Former Kansas Governor among dead voters listed as ‘active’ on Kansas, Missouri registries

WAKEFIELD, Kansas – Former Kansas Governor William Avery, who died in 2009, remained an “active” voter on state registries until this week when the NBC Action News Investigators notified officials of an investigation into unqualified voters in Kansas and Missouri.

“Interesting, to say the least,” said Wakefield, Kansas City Clerk Jeri Mason when the Investigators contacted her regarding the “active” voter listed at Avery’s home address in the Clay County, Kansas town.  “He. Died.  Wonder how many others are out there as active voters?”

Do you have a dead relative who still receives qualfied voter notices? Email the Investigative Reporter Russ Ptacek: russ@nbcactionnews.com

Mason reviewed public city records to verify the deceased person listed at the address was in fact the former Kansas governor who remained officially “active” and eligible to vote on state registries.

State records do not indicate Avery ever cast a ballot after his death, but the NBC Action News Investigators have identified  records in both Kansas and Missouri where, officially, ballots were recorded as being cast using the identities of dead voters.

Clay County officials removed Avery’s name from the list of qualified voters minutes after being notified about the discrepancy by NBC Action News but were stumped to provide an explanation.

“I’m not sure,” said Clay County Clerk Kayla Wang”. “I honestly didn’t know he was still on there. We’ll investigate it and find a death certificate or obituary and we’ll remove him.”

Minutes later, Wang emailed NBC Action News saying she had disqualified the former governor from voting in future elections.

“I have pulled the local death notice and we have cancelled Mr. Avery from the roster in Clay County,” Wang wrote.

Wang blamed the error on Kansas officials who did not notify the county of the well known politician’s death.

“Just to let you know that I did pull the State Agency Match Review Report printouts from November of 2009 to current and Mr. Avery was not ever listed on the weekly death check,” Wang wrote in the email.

NBC Action News made the inquiry after reviewing thousands of voter records obtained from Kansas Watchdog Reporter Earl Glynn. Missouri Watchdog is funded by the Franklin Center for Government and Public Integrity.

Missouri Watchdog compared qualified voter registries in Kansas and Missouri to public records of deaths reported by the Social Security Administration. Kansas Watchdog provided a list of about 6,000 qualified voters in Kansas and Missouri that the group suspects of matching Social Security death records.

Many of the names are false matches with the same name and birth date of a dead person’s identity, but the NBC Action News verified several and actually found cases were votes were recorded as being cast using the identities of the dead. The NBC Action News Investigation is scheduled for broadcast Thursday, Nov. 28th at 10:00 pm.

Officials in Kansas and Missouri are already investigating irregularities that will be identified by the NBC Action News report. A spokesman for the Kansas Secretary of State said, at first glance, it does not seem to be a case of deliberate fraud, especially in the case of the late Governor.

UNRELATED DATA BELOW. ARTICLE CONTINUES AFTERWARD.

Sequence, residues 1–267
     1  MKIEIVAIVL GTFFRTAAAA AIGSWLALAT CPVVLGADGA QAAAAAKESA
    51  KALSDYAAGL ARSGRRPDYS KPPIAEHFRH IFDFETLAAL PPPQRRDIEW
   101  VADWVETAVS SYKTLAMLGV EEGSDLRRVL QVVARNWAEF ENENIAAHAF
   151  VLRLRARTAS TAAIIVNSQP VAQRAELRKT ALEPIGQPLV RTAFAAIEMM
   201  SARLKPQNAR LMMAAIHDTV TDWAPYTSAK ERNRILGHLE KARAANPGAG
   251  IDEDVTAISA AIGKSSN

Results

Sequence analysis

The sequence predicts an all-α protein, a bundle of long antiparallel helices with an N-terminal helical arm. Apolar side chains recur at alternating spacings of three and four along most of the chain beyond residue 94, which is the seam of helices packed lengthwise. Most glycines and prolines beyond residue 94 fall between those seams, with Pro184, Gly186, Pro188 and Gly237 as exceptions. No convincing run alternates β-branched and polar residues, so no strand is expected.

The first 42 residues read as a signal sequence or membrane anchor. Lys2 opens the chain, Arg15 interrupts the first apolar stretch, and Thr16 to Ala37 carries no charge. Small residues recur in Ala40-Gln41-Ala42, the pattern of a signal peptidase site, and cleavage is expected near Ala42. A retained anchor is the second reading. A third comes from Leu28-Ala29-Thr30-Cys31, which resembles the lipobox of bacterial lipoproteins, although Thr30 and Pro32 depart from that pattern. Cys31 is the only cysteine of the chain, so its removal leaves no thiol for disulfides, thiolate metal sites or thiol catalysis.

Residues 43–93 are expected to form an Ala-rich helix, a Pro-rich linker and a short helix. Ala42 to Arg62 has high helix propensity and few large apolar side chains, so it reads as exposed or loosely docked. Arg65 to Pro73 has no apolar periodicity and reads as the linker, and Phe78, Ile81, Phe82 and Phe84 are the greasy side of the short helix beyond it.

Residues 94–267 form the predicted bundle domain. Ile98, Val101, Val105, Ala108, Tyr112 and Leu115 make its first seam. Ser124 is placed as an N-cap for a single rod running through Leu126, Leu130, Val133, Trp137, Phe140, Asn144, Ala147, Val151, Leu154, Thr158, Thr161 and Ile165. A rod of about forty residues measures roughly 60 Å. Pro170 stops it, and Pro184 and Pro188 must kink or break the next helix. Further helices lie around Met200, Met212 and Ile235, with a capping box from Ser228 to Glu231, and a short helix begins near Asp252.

“Wouldn’t you pick someone more discreet if you wanted to fraud the system, not a dead celebrity?” said Kansas Secretary of State Spokesman Tyler Longpine. “I suspect a clerical error. When we identify failures, we can fix them.”

Longpine, who asked to review additional NBC Action News records, said the system has failed in the reverse in the past.

“Last week we had a live woman who went to the polling place and was marked as deceased,” Longpine said. “She had a real common name.

She identified the wrong Jane Smith in the file. It was a real case of clerical error.  He said officials are still trying to determine how the Kansas Governor was still “active” on state voting records a year after his death.

Do you have a dead relative who still receives qualfied voter notices?  Email the investigators:  russ@nbcactionnews.com

Copyright 2010 Scripps Media, Inc. All rights reserved. This material may not be published, broadcast, rewritten, or redistributed.

This story is interesting to me on multiple levels. First and foremost, a friend of mine, Kayla Wang, is quoted in it, but I didn’t know that when I viewed the story.

I clicked the link because of what the headline said, which is the main reason the story interested me enough to share it here.

Dead people still being registered to vote is one thing. We’re all human. Things tend to slip through the cracks, especially if systems in place, such as the State Agency Match Review Wang mentioned, don’t notify officials of voters who have died.

However, if those people actually cast ballots, that’s a whole different story. It messes up the whole democratic process. I have heard of this exact thing happening here in Ransom where I live. It isn’t a good thing. In fact, it is illegal. It’s called voter fraud.

I’m just glad there are people like Wang out there who take care of these problems as soon as they are made aware of them, despite any failures of the normal safeguards that are supposed to be in place.

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About toddvogts 771 Articles
My name is Todd Vogts. I am an assistant professor of media. I like the color green, riding my motorcycle, and being with my family and friends. A good book is a perfect companion for me any time, and I'm a published author and journalist. Visit my website at www.toddvogts.com and follow me on Twitter at www.twitter.com/toddvogts.